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Lecture 3 Gaussian Probability Distribution Introduction

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Lecture 3 Gaussian Probability Distribution Introduction
Lecture 3
Gaussian Probability Distribution
Introduction
●
●
Gaussian probability distribution is perhaps the most used distribution in all of science.
◆ also called “bell shaped curve” or normal distribution
Unlike the binomial and Poisson distribution, the Gaussian is a continuous distribution:
P(y) =
!
●
1
e
" 2#
$
( y$µ) 2
2" 2
µ = mean of distribution (also at the same place as mode and median)
σ2 = variance of distribution
y is a continuous variable (-∞ ≤ y ≤ ∞)
Probability (P) of y being in the range [a, b] is given by an integral:
P(a < y < b) =
◆
b $
1
%e
" 2# a
( y$µ) 2
2" 2 dy
Karl Friedrich Gauss 1777-1855
The integral for arbitrary a and b cannot be evaluated analytically
☞ The value of the integral has to be looked up in a table (e.g. Appendixes A and B of Taylor).
!
P(x)
#
1
p(x) =
e
! 2"
(x # µ )2
2
2!
gaussian
Plot of Gaussian pdf
x
K.K. Gan
L3: Gaussian Probability Distribution
1
●
The total area under the curve is normalized to one.
☞ the probability integral:
!
( y"µ) 2
2$ 2 dy = 1
1
&e
$ 2% "#
We often talk about a measurement being a certain number of standard deviations (σ) away
from the mean (µ) of the Gaussian.
☞ We can associate a probability for a measurement to be |µ - nσ|
from the mean just by calculating the area outside of this region.
nσ Prob. of exceeding ±nσ
0.67
0.5
It is very unlikely (< 0.3%) that a
1
0.32
measurement taken at random from a
2
0.05
Gaussian pdf will be more than ± 3σ
3
0.003
from the true mean of the distribution.
4
0.00006
P("# < y < #) =
●
# "
95% of area within 2σ
Only 5% of area outside 2σ
Relationship between Gaussian and Binomial distribution
●
The Gaussian distribution can be derived from the binomial (or Poisson) assuming:
◆ p is finite
◆ N is very large
◆ we have a continuous variable rather than a discrete variable
K.K. Gan
L3: Gaussian Probability Distribution
2
●
An example illustrating the small difference between the two distributions under the above conditions:
◆ Consider tossing a coin 10,000 time.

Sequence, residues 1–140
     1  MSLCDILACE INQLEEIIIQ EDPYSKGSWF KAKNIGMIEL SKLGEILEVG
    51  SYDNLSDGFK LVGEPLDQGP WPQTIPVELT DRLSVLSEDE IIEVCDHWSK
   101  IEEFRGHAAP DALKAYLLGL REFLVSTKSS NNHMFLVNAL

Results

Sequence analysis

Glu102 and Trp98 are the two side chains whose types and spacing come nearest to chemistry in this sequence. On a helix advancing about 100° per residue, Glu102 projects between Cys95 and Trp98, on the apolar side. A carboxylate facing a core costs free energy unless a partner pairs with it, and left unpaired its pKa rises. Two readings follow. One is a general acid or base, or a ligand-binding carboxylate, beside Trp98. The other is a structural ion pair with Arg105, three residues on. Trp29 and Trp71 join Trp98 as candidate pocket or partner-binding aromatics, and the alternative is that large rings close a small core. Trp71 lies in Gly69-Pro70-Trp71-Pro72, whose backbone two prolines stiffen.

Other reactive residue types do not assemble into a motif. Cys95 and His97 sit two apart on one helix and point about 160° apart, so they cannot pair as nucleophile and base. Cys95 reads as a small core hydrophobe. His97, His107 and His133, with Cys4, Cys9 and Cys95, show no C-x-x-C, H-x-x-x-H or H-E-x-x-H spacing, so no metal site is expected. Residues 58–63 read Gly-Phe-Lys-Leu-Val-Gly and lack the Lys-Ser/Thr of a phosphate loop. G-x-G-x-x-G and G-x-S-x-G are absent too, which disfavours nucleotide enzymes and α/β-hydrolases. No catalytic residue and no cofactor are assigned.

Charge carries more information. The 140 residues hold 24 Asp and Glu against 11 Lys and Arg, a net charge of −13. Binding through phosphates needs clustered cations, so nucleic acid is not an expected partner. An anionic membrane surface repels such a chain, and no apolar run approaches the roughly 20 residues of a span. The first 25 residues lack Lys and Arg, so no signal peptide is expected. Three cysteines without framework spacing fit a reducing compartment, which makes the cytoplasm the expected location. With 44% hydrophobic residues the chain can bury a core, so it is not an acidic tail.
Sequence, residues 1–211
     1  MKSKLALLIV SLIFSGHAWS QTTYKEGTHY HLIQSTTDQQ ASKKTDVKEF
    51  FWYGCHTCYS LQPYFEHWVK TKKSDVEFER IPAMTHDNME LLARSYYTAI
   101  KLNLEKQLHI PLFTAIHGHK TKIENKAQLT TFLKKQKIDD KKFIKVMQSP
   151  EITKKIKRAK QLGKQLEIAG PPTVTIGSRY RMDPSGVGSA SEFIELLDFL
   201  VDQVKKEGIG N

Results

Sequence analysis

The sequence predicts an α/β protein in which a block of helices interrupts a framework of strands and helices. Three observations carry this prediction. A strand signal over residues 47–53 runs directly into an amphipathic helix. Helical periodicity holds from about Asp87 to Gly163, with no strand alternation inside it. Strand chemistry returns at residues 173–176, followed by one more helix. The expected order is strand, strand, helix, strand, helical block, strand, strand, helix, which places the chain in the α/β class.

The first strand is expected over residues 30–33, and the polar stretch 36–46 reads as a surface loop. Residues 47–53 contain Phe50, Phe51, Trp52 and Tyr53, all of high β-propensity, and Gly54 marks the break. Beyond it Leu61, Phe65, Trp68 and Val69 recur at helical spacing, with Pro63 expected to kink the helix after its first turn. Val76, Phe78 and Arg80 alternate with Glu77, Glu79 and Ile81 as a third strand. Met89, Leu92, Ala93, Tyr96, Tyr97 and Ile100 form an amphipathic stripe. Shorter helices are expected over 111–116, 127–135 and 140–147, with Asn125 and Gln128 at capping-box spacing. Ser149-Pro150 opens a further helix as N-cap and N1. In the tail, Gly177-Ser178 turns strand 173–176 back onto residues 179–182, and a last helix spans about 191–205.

■ p(heads) = 0.5
■ N = 10,000
■ For a binomial distribution:
❒ mean number of heads = µ = Np = 5000
1/2 = 50
❒ standard deviation σ = [Np(1 - p)]
☞ The probability to be within ±1σ for this binomial distribution is:
5000+50
10 4 !
m
10 4 "m
P=
0.5
0.5
= 0.69
#
4
m=5000"50 (10 " m)!m!
■ For a Gaussian distribution:
( y"µ) 2
µ
+
#
"
2
1
P(µ " # < y < µ + # ) =
% e 2# dy & 0.68
# 2$ µ"#
! ☞ Both distributions give about the same probability!
Central Limit Theorem
● !Gaussian
●
●
distribution is very applicable because of the Central Limit Theorem
A crude statement of the Central Limit Theorem:
◆ Things that are the result of the addition of lots of small effects tend to become Gaussian.
A more exact statement:
Actually, the Y’s can
◆ Let Y1, Y2,...Yn be an infinite sequence of independent random variables
be from different pdf’s!
each with the same probability distribution.
◆ Suppose that the mean (µ) and variance (σ2) of this distribution are both finite.
K.K. Gan
L3: Gaussian Probability Distribution
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For any numbers a and b:
& Y1 +Y2 + ...Yn $ nµ
)
1 b $ 12 y 2
lim P(a <
< b+ =
dy
-e
*
n"# '
% n
2, a
☞ C.L.T. tells us that under a wide range of circumstances the probability distribution
that describes the sum of random variables tends towards a Gaussian distribution
as the number of terms in the sum →∞.
!
☞ Alternatively:
& Y $µ
)
&
)
Y $µ
1 b $ 12 y 2
lim P(a <
< b+ = lim P(a <
< b+ =
dy
-e
n"# '
* n"# '
%/ n
%m
2
,
*
a
■ σm is sometimes called “the error in the mean” (more on that later).
● For CLT to be valid:
◆ µ and σ of pdf must be finite.